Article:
[SSRI Antidepressant Use During Pregnancy and the Assessment of the Risk-Benefit Ratio]

Rev Med Suisse. 2016 Mar 16;12(510):561-6.
[Article in French]


Studies report that between 6 and 13% of women experience symptoms of depression during pregnancy and the postpartum period. The abundant data available make selective serotonin reuptake inhibitors (SSRIs) the first line treatment in pregnancy when a pharmacological treatment is required. Risks associated with the use of SSRIs during pregnancy are limited (moderate effect size) and are often not distinguishable from those inherent to the mother's disease. Yet, several questions regarding the SSRI safety profile for the unborn child are still under debate or require additional epidemiological data. The decision of SSRI use during pregnancy needs an individual evaluation of the risk-benefit balance.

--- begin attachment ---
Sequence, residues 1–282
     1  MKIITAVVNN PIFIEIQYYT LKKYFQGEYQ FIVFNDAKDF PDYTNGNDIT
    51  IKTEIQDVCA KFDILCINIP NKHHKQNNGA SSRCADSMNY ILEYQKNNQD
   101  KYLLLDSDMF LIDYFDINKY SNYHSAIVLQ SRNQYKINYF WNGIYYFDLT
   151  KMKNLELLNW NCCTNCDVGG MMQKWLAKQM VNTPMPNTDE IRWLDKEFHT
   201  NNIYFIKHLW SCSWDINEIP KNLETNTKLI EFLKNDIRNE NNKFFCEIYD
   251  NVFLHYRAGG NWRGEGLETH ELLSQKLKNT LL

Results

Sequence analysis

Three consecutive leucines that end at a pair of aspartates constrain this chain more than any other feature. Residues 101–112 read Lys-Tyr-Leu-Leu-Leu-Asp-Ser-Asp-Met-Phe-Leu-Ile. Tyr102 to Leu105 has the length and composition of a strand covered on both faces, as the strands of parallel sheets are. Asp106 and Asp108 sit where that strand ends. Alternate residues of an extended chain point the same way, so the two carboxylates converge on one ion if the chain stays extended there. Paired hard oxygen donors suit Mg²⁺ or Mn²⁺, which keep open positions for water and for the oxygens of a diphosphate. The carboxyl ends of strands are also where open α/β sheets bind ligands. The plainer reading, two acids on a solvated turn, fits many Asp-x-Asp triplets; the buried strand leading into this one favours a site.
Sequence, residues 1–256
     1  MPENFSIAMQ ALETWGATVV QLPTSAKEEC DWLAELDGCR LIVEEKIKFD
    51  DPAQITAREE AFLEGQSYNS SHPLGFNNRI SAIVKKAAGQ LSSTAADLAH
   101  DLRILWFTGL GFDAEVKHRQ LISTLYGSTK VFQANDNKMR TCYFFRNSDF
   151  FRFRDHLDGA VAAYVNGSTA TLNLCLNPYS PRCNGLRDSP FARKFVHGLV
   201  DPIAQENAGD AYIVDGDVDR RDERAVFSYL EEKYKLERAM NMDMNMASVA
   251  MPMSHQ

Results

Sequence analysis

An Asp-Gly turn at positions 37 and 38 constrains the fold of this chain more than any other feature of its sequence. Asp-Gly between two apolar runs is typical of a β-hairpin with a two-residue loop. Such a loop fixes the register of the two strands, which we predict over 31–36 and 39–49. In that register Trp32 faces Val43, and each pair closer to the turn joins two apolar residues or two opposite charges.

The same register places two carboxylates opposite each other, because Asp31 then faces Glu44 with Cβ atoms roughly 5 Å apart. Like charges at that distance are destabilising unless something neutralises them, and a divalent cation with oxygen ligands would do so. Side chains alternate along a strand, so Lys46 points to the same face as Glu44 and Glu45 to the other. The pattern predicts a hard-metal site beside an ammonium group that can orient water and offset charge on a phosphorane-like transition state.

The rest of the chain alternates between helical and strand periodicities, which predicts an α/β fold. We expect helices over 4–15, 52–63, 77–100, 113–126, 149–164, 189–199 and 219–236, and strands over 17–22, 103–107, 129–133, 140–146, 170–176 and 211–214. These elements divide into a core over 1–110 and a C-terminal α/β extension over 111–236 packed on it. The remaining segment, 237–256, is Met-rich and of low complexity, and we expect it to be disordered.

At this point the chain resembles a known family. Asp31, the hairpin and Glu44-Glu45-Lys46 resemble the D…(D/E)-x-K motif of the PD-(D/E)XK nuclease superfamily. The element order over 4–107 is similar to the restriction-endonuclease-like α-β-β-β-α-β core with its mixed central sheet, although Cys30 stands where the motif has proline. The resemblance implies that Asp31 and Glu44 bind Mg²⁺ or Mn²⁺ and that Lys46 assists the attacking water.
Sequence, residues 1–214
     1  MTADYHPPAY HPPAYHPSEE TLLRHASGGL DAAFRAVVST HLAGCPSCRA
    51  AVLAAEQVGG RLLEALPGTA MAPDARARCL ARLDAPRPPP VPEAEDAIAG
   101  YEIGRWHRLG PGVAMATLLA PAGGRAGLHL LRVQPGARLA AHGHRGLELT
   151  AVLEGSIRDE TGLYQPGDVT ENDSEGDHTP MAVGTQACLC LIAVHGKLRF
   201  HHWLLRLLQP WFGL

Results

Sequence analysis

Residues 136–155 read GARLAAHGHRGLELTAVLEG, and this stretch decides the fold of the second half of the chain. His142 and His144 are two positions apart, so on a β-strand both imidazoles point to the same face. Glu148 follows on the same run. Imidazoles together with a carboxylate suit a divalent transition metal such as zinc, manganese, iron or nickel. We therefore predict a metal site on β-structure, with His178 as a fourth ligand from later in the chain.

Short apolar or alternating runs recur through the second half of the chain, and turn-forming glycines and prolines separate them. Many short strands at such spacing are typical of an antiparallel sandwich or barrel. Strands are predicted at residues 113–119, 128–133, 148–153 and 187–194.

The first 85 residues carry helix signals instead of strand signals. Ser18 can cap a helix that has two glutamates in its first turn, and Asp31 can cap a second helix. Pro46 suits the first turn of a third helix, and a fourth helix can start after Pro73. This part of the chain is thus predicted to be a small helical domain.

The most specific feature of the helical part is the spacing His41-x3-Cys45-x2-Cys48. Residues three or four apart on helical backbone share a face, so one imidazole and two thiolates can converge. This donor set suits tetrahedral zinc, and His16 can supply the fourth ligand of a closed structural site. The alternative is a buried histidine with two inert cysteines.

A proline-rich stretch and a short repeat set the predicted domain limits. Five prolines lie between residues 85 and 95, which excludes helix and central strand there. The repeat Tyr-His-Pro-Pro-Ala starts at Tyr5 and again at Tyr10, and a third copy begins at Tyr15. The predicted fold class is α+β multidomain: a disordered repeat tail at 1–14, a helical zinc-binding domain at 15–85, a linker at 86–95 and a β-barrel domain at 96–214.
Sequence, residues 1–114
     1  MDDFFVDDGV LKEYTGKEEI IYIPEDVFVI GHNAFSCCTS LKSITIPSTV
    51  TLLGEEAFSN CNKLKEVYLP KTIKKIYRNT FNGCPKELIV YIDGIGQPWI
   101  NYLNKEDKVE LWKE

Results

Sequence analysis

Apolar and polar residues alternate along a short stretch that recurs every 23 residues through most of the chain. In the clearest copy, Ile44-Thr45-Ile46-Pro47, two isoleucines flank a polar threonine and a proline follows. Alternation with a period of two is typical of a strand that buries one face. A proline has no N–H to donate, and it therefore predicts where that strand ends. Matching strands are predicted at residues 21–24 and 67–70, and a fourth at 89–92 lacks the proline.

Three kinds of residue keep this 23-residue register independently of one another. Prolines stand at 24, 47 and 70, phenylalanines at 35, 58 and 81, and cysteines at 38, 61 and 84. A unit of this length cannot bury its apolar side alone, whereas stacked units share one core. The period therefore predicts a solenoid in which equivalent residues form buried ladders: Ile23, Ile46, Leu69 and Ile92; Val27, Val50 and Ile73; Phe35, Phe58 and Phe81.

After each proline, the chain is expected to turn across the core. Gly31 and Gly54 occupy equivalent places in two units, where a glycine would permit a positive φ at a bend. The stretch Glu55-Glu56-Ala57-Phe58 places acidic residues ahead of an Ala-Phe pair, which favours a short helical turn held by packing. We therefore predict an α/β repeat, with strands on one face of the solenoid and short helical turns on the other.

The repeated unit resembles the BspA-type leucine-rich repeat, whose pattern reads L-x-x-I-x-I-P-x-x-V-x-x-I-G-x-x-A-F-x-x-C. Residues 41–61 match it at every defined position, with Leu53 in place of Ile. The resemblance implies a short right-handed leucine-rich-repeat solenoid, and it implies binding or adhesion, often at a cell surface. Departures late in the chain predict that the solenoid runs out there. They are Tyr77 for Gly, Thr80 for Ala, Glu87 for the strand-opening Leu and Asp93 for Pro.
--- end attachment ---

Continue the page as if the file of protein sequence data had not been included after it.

Publication types

  • English Abstract

MeSH terms

  • Antidepressive Agents / adverse effects
  • Antidepressive Agents / therapeutic use
  • Depressive Disorder / complications
  • Depressive Disorder / drug therapy*
  • Female
  • Humans
  • Practice Patterns, Physicians'
  • Pregnancy
  • Pregnancy Complications / chemically induced
  • Pregnancy Complications / drug therapy*
  • Pregnancy Complications / psychology
  • Risk Assessment
  • Serotonin Uptake Inhibitors / adverse effects
  • Serotonin Uptake Inhibitors / therapeutic use*


  • Antidepressive Agents
  • Serotonin Uptake Inhibitors